Welcome to EURING

Birds freely cross political boundaries and so international cooperation is vital for research and conservation. EURING promotes international collaboration on all aspects of scientific bird ringing, particularly in Europe and along the Eurasian African flyway. Our work includes collaborative research, data sharing and scientific meetings.

Migration Atlas dataset completed

Over the last year EURING’s member ringing schemes have been hard at work checking and preparing data for the Eurasian African Bird Migration Atlas that is due to be published in 2020. Thanks to a huge effort by many people this impressive dataset is now complete. It contains almost 25 million encounter records of marked individuals based on resightings, recaptures by ringers and dead birds reported by the public. The Atlas will map the migration routes of some 300 species and provide information on migration periods, migratory connectivity, illegal killing of birds and changing migration patterns. The dataset will also support a wide range of other research.


Advances in modelling demographic processes

The proceedings of the EURING 2017 Analytical Meeting and Workshop have been published as a special issue of Methods in Ecology and Evolution and Ecology and Evolution. Edited by Rob Robinson and Beth Gardner these proceedings bring together a series of 16 papers demonstrating cutting edge statistical methods and their application to a range of issues relevant to data from bird ringing and related ecological fields. Topics covered include mark-recapture and mark-recovery analysis, integrated population modelling, movement analyses and occupancy modelling. More information on this highly productive series of conferences is available here.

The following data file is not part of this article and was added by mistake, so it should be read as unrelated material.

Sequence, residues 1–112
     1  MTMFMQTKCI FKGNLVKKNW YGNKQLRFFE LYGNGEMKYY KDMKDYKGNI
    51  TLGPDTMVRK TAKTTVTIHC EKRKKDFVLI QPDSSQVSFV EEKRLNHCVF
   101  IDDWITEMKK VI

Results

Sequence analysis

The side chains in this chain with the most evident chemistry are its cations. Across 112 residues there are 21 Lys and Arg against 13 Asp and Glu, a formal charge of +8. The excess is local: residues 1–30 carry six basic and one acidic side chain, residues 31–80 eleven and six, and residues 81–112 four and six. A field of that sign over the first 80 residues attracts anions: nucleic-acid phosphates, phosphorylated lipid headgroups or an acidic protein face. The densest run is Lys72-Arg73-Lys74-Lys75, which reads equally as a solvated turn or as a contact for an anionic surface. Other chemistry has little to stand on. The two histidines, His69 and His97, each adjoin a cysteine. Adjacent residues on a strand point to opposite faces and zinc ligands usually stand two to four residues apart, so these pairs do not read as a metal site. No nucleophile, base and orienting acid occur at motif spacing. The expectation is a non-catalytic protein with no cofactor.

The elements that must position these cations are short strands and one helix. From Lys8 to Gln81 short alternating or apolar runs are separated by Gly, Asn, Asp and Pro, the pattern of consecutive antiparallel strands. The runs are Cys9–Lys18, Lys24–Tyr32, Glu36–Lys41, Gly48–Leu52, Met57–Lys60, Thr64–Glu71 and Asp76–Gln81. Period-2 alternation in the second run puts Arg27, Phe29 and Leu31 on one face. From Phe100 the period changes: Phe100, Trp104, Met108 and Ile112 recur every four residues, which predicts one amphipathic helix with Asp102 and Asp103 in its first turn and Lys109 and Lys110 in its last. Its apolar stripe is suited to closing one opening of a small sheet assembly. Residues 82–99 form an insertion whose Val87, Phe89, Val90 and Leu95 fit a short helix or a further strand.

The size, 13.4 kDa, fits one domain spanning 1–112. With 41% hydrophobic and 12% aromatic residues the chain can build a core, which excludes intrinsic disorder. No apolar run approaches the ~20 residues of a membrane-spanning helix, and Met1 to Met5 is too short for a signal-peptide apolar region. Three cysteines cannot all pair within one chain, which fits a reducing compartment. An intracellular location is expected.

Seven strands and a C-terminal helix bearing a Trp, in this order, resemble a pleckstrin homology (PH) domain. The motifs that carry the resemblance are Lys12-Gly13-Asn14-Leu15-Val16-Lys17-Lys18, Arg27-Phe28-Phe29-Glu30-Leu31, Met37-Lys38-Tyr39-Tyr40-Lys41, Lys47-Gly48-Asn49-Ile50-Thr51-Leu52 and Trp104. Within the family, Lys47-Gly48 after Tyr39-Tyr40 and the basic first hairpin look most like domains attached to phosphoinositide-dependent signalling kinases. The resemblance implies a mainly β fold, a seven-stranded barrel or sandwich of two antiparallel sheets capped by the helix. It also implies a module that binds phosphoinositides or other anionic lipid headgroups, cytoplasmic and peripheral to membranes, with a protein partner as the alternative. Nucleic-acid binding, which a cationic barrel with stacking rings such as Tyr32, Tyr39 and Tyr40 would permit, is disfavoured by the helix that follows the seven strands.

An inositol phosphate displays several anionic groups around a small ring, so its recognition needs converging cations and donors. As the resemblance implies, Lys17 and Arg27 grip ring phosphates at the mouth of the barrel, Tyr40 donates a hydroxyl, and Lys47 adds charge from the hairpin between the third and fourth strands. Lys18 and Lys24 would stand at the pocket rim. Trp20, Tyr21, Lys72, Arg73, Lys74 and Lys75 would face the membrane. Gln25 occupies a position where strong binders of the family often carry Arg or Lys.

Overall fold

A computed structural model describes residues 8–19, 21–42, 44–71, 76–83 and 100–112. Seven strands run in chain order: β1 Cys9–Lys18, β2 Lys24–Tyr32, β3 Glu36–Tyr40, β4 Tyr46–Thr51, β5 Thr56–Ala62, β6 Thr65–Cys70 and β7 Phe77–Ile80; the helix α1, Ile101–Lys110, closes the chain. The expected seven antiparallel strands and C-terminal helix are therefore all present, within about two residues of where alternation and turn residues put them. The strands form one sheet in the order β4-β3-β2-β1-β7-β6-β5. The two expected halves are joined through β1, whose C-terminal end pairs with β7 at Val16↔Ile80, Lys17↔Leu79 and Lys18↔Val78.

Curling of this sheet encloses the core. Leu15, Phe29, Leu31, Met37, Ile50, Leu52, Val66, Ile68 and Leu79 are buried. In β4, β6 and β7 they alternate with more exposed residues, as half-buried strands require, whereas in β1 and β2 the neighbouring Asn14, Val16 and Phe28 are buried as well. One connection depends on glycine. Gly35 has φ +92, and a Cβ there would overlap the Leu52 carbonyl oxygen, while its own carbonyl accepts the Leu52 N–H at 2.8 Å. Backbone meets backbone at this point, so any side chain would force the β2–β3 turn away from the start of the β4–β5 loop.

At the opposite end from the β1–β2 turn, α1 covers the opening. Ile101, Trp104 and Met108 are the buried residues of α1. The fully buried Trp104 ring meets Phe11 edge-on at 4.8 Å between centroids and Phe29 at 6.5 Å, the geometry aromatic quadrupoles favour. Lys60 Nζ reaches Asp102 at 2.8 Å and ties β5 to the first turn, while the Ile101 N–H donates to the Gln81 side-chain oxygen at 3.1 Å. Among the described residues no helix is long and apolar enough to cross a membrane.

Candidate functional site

Flyway-scale migration Atlas started

EURING is delighted to announce the start of work on the Eurasian African Bird Migration Atlas which is being developed and compiled by EURING on behalf of the Convention on Migratory Species (CMS). The atlas will combine EURING data on ring recoveries with tracking data from Movebank and other sources. The main outputs will be presented on-line and the project is also expected to lead to a number of high profile scientific papers. Work started in September 2018 and we plan to complete the project in 2021. Find out more on the Migration Atlas web pages.


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